The quest of lucre beyond a few easy needs
Has twisted good enough men
Sometimes into dry thwarted worms.
Tell him time as a stuff can be wasted.
Tell him to be a fool every so often
and to have no shame over having been a fool
yet learning something out of every folly
hoping to repeat none of the cheap follies
thus arriving at intimate understanding
of a world numbering many fools.
Tell him to be alone often and get at himself
and above all tell himself no lies about himself
whatever the white lies and protective fronts
he may use amongst other people.
Tell him solitude is creative if he is strong
and the final decisions are made in silent rooms.
Tell him to be different from other people
if it comes natural and easy being different.
Let him have lazy days seeking his deeper motives.
Let him seek deep for where he is a born natural.
Then he may understand Shakespeare
and the Wright brothers, Pasteur, Pavlov,
Michael Faraday and free imaginations
Bringing changes into a world resenting change.
He will be lonely enough
to have time for the work
he knows as his own.
—From ‘The People, Yes’ Carl Sandburg
Another poem would be ‘a father sees his daughter nearing womanhood, what should he tell that daughter?’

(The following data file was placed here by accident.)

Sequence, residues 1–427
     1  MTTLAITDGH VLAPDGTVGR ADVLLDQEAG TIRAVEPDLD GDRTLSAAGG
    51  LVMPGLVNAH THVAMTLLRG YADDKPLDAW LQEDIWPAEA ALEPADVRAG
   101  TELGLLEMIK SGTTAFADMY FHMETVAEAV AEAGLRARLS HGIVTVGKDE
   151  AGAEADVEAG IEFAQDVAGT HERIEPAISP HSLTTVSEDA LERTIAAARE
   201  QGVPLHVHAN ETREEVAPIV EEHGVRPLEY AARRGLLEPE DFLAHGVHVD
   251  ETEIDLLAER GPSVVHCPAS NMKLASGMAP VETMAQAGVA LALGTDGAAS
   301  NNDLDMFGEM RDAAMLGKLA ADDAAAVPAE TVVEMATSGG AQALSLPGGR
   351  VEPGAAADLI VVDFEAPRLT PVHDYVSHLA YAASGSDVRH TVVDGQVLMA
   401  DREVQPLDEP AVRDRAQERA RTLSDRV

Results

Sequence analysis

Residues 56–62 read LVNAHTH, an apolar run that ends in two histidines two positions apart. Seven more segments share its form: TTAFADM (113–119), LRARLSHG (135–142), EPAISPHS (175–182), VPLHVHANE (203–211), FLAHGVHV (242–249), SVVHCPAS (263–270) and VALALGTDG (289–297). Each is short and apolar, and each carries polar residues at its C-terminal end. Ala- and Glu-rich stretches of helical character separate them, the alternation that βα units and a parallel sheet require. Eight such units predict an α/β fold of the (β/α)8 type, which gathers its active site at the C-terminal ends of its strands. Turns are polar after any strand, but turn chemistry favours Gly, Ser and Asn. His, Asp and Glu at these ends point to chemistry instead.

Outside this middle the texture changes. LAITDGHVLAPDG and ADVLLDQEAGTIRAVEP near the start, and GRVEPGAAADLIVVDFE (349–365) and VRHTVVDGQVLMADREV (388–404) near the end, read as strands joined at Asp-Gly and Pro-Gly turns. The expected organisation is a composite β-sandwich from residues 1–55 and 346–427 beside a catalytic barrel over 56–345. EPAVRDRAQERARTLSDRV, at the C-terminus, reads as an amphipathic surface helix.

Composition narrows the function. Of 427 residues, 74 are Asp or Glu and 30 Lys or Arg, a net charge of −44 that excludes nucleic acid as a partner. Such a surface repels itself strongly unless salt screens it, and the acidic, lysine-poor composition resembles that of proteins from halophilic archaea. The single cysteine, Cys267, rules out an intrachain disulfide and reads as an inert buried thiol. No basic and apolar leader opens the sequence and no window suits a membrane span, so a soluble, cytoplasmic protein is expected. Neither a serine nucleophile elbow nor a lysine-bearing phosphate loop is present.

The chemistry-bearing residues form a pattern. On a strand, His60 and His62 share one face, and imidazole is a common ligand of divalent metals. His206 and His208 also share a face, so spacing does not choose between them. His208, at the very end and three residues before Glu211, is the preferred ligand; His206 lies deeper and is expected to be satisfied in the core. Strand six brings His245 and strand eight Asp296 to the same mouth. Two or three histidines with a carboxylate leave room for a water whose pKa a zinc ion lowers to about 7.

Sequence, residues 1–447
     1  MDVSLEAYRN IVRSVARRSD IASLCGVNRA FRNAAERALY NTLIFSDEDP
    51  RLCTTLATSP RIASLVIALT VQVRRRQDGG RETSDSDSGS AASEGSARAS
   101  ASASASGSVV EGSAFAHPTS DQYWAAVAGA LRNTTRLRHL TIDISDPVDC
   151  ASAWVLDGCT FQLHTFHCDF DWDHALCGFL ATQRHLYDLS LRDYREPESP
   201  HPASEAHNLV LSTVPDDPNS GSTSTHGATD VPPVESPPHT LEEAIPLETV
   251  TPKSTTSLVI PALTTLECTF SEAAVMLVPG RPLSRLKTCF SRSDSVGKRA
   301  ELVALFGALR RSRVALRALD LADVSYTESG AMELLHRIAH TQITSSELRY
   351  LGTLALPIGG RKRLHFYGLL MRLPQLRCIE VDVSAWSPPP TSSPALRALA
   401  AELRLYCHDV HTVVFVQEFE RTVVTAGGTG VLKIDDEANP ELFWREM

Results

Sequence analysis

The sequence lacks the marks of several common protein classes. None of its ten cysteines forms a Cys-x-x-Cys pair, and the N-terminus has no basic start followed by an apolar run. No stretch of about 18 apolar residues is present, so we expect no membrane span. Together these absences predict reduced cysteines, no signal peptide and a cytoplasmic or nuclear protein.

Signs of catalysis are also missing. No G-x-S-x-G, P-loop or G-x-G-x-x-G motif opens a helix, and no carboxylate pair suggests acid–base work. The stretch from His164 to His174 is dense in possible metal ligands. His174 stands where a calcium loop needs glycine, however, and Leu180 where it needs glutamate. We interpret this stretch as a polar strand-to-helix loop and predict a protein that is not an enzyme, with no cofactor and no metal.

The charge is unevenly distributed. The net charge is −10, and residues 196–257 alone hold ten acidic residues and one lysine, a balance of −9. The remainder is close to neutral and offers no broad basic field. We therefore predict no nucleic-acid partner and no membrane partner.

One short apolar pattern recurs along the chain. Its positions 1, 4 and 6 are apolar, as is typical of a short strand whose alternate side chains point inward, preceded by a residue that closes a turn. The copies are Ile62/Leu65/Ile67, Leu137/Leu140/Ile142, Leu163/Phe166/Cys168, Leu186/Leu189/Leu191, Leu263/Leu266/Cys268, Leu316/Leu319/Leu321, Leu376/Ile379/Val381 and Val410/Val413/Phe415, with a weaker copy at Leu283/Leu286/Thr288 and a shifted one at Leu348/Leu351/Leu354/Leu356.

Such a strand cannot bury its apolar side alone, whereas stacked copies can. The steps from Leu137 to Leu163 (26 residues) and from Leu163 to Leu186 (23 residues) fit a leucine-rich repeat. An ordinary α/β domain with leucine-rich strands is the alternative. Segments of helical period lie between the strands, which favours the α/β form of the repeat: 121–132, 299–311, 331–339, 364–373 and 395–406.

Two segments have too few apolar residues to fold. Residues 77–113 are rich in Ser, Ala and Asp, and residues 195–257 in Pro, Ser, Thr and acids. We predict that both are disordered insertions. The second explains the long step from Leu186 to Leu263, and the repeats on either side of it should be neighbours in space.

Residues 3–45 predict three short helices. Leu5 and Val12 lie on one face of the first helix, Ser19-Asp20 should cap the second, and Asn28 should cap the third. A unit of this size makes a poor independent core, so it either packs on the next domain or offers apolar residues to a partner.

At our Coming of Age ceremony a couple of weeks ago we heard fathers and mothers talking to their sons and daughters who are ‘nearing manhood…womanhood.’
Now we all know, of course, that there are men who have no business becoming fathers.
There are boys who become fathers by accident, the result of testosterone and do what boys do; they run away.
There are men who decide that they will not become fathers, for a variety of reasons, some of which they are or may be ‘aware,’ and some reasons which may be on a less-than-conscious level.
There are men who want to become fathers but can’t; some of these become step-fathers, or adoptive fathers.
Fathers come in all kinds of sizes, shapes, colors and I also want to respond to your comments about growing—away from the judgmental self toward the accepting self…of oneself as well as others.
Sandburg’s poetic attempt prompted me to turn it around, instead of a father seeing a son nearing manhood and telling him things, a son sees his father…so this is what I’ve penned these words:
A son sees a father struggling to be the best he can be.
What shall he tell that father?
“Relax, Dad. Don’t sweat it.”
And this might serve him for the anxiety and nervousness.
“Pay attention to the little things, Pop.”
And this, too, might serve him.
Sometimes the growth of a relationship can be nurtured better by not trying
more than by trying too hard.
Setting limits counts, and it’s still part of a father’s job,